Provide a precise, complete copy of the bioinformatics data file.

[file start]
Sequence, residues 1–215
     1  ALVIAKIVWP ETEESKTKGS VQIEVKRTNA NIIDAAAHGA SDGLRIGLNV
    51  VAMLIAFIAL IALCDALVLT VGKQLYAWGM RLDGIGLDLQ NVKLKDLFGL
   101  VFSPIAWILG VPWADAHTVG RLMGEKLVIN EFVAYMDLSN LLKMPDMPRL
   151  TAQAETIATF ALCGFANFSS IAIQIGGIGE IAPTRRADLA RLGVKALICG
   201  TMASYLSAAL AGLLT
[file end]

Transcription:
Sequence, residues 1–215
     1  ALVIAKIVWP ETEESKTKGS VQIEVKRTNA NIIDAAAHGA SDGLRIGLNV
    51  VAMLIAFIAL IALCDALVLT VGKQLYAWGM RLDGIGLDLQ NVKLKDLFGL
   101  VFSPIAWILG VPWADAHTVG RLMGEKLVIN EFVAYMDLSN LLKMPDMPRL
   151  TAQAETIATF ALCGFANFSS IAIQIGGIGE IAPTRRADLA RLGVKALICG
   201  TMASYLSAAL AGLLT